Malignant Mesothelioma Mortality — United States, 1999–2005
Malignant mesothelioma is a fatal cancer primarily associated with exposure to asbestos. The latency period between first exposure to asbestos and clinical disease usually is 20–40 years (1). Although asbestos is no longer mined in the United States, the mineral is still imported, and a substantial amount of asbestos remaining in buildings eventually will be removed, either during remediation or demolition. Currently, an estimated 1.3 million construction and general industry workers potentially are being exposed to asbestos (2). To characterize mortality attributed to mesothelioma, CDC’s National Institute for Occupational Safety and Health (NIOSH) analyzed annual multiple-cause-of-death records for 1999–2005, the most recent years for which complete data are available.* For those years, a total of 18,068 deaths of persons with malignant mesothelioma were reported, increasing from 2,482 deaths in 1999 to 2,704 in 2005, but the annual death rate was stable (14.1 per million in 1999 and 14.0 in 2005). Maintenance, renovation, or demolition activities that might disturb asbestos should be performed with precautions that sufficiently prevent exposures for workers and the public. In addition, physicians should document the occupational history of all suspected and confirmed mesothelioma cases.
Asbestos was used in a wide variety of construction and manufacturing applications through most of the 20th century. In the United States, asbestos use peaked at 803,000 metric tons in 1973 and then declined to approximately 1,700 metric tons in 2007 (Figure 1) (3).
For this report, malignant mesothelioma deaths were identified for 1999–2005 from death certificates and included any deaths for whichInternational Classification of Diseases, 10th Revision (ICD-10)codes† for malignant mesothelioma were listed in the multiple-cause-of-death mortality data entity axis.§ Because mesothelioma predominantly is associated with occupational exposure and has a long latency, the analysis was restricted to deaths of persons aged ≥25 years. The annual death rate per 1 million persons aged ≥25 years was calculated using the July 1 population estimates for each year provided by the U.S. Census Bureau. Overall death rates were calculated based on the 2002 census population.
During 1999–2005, a total of 18,068 malignant mesothelioma deaths were reported in the United States; 14,591 (80.8%) occurred among males and 17,180 (95.1%) among whites (Table). Mesothelioma deaths were classified as mesothelioma of pleura (1,572; 8.7%), peritoneum (657; 3.6%), other anatomical site (2,605; 14.4%), and unspecified anatomical site (13,454; 74.5%).¶ Mortality increased with age, with the greatest number of decedents aged ≥75 years; 311 deaths (1.7%) occurred in persons aged ≤44 years. From 1999 to 2005, the total number of malignant mesothelioma deaths increased 8.9%, from 2,482 in 1999 to 2,704 in 2005, but the annual death rate was stable (14.1 per million population in 1999 versus 14.0 in 2005). The death rate for males was 4.5 times that for females (23.2 versus 5.1 per million). During 1999–2005, the state death rate was greater than the national rate (13.8 per million population per year) in 26 states; in six states the rate exceeded 20 per million per year (Figure 2): Maine (173 deaths; rate: 27.5), Wyoming (50; 22.2), West Virginia (182; 21.0), Pennsylvania (1,210; 20.8), New Jersey (814; 20.2), and Washington (558; 20.1).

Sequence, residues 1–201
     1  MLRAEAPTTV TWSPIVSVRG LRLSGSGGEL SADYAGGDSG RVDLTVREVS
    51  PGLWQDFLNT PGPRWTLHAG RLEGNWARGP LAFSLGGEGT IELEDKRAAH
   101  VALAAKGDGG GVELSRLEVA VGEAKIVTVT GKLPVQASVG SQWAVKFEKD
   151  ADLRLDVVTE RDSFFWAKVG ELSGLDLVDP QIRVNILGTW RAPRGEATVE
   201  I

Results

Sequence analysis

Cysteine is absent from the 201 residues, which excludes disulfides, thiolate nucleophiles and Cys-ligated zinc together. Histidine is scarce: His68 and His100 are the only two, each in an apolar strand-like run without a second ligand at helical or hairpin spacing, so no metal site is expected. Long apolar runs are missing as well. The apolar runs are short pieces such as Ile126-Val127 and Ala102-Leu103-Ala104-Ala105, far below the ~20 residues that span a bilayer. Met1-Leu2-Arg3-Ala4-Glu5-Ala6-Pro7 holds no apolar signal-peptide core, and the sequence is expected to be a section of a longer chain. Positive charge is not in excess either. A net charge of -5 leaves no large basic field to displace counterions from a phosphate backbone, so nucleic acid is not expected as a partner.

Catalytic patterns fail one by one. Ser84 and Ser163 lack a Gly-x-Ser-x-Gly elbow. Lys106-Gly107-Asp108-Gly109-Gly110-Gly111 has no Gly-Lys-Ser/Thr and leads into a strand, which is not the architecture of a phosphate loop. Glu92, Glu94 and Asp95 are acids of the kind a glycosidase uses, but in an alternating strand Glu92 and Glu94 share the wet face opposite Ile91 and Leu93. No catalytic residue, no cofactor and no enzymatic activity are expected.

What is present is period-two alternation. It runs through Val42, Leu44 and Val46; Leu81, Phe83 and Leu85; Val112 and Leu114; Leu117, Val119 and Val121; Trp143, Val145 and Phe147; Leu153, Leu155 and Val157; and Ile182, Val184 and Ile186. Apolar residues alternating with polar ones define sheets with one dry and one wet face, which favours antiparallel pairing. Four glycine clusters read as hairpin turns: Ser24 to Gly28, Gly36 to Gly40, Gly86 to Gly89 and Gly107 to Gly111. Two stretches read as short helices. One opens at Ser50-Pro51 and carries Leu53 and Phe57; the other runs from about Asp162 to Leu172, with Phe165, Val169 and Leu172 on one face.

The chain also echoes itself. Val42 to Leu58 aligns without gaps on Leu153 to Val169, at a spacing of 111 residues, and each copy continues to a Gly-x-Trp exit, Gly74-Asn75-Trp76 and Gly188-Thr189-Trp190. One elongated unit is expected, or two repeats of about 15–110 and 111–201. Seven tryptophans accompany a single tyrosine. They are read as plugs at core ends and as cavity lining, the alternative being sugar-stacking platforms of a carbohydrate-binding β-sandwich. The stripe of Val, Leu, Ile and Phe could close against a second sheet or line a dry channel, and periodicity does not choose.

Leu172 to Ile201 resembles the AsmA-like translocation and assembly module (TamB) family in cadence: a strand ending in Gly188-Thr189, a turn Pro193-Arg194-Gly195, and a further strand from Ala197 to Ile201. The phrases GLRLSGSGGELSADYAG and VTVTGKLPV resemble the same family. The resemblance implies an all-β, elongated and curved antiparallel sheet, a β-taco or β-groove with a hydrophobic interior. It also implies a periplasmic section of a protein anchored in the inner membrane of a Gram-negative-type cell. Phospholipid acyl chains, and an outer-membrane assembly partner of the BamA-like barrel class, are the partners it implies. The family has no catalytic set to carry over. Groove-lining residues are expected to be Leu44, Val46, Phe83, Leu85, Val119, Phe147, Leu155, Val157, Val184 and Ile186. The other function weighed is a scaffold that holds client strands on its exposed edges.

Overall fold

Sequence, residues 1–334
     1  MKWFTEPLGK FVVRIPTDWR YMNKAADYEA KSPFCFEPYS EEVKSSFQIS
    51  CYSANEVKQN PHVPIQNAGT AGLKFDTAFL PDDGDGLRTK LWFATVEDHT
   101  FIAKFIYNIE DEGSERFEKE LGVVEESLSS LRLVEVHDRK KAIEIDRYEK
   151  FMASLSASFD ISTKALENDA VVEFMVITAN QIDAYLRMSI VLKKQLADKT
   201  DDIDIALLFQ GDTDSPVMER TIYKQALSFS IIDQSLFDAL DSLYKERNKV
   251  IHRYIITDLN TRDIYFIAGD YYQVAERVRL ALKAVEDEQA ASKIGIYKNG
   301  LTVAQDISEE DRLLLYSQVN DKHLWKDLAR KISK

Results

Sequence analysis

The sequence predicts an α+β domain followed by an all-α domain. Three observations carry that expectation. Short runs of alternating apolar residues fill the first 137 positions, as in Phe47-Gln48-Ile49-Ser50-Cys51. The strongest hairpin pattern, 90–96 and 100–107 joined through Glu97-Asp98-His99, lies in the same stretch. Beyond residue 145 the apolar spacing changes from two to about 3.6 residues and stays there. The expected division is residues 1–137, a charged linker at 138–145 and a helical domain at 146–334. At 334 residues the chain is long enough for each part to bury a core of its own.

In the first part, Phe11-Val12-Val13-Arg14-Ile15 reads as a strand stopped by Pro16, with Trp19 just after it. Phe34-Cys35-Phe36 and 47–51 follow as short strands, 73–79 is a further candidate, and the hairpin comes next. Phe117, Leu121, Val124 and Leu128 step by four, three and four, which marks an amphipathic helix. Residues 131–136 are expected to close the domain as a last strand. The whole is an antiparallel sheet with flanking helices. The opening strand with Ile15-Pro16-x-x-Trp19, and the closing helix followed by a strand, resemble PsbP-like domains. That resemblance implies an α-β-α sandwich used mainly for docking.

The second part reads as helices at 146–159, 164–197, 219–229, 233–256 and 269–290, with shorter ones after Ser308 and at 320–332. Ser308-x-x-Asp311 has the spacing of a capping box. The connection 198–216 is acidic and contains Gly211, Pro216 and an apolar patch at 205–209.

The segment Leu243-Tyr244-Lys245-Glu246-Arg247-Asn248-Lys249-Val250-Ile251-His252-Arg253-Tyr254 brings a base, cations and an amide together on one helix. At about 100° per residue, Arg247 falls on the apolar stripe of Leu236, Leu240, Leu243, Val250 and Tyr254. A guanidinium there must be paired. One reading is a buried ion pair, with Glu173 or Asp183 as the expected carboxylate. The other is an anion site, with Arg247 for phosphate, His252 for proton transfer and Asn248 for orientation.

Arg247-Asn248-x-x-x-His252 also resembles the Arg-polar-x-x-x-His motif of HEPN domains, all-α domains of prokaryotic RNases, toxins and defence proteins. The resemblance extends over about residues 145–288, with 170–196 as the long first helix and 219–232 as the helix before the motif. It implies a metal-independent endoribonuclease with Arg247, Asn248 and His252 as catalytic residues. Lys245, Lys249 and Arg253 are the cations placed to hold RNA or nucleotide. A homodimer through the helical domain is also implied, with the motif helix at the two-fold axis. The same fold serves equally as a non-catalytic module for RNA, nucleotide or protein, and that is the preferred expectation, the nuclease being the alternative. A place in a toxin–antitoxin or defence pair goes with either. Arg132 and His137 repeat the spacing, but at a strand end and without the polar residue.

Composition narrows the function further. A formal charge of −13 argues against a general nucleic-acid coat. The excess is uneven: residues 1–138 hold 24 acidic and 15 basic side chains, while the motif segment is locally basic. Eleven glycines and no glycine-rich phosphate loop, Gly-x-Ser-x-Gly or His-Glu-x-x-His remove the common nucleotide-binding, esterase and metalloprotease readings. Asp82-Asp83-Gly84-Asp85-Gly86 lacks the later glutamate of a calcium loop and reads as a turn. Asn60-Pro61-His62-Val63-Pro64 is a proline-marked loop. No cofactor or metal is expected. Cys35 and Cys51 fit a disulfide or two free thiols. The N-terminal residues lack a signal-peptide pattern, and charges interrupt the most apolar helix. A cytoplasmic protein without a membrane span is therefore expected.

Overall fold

Mesothelioma death rate per 1 million population,* by state — United States, 1999–2005
Reported by: KM Bang, PhD, JM Mazurek, MD, E Storey, MD, MD Attfield, PhD, PL Schleiff, MS, JM Wood, MS, Div of Respiratory Disease Studies, JT Wassell, PhD, Div of Safety Research, National Institute for Occupational Safety and Health, CDC.
Despite regulatory actions and the sharp decline in use of asbestos, potential exposure to asbestos continues, but most deaths from mesothelioma in the United States derive from exposures decades ago. Because mesothelioma manifests 20–40 years after first exposure, the number of mesothelioma deaths will likely peak by 2010 (4). The analysis described in this report indicates that the annual number of mesothelioma deaths is still increasing, and future cases will continue to reflect the extensive past use of asbestos. New cases also might result through occupational and environmental exposure to asbestos during remediation and demolition of existing asbestos in buildings if controls are insufficient to protect workers and the surrounding community.
The annual number of mesothelioma cases increased significantly from the late 1970s through the mid-1990s (4). Projections indicate that the number of mesothelioma cases involving males peaked during 2000–2004 at more than 2,000 cases and should be declining, with an expected return to background levels by 2055. The number of mesothelioma cases involving females (approximately 560 in 2003) is projected to increase slightly over time as a function of population size and shifting age distribution (4).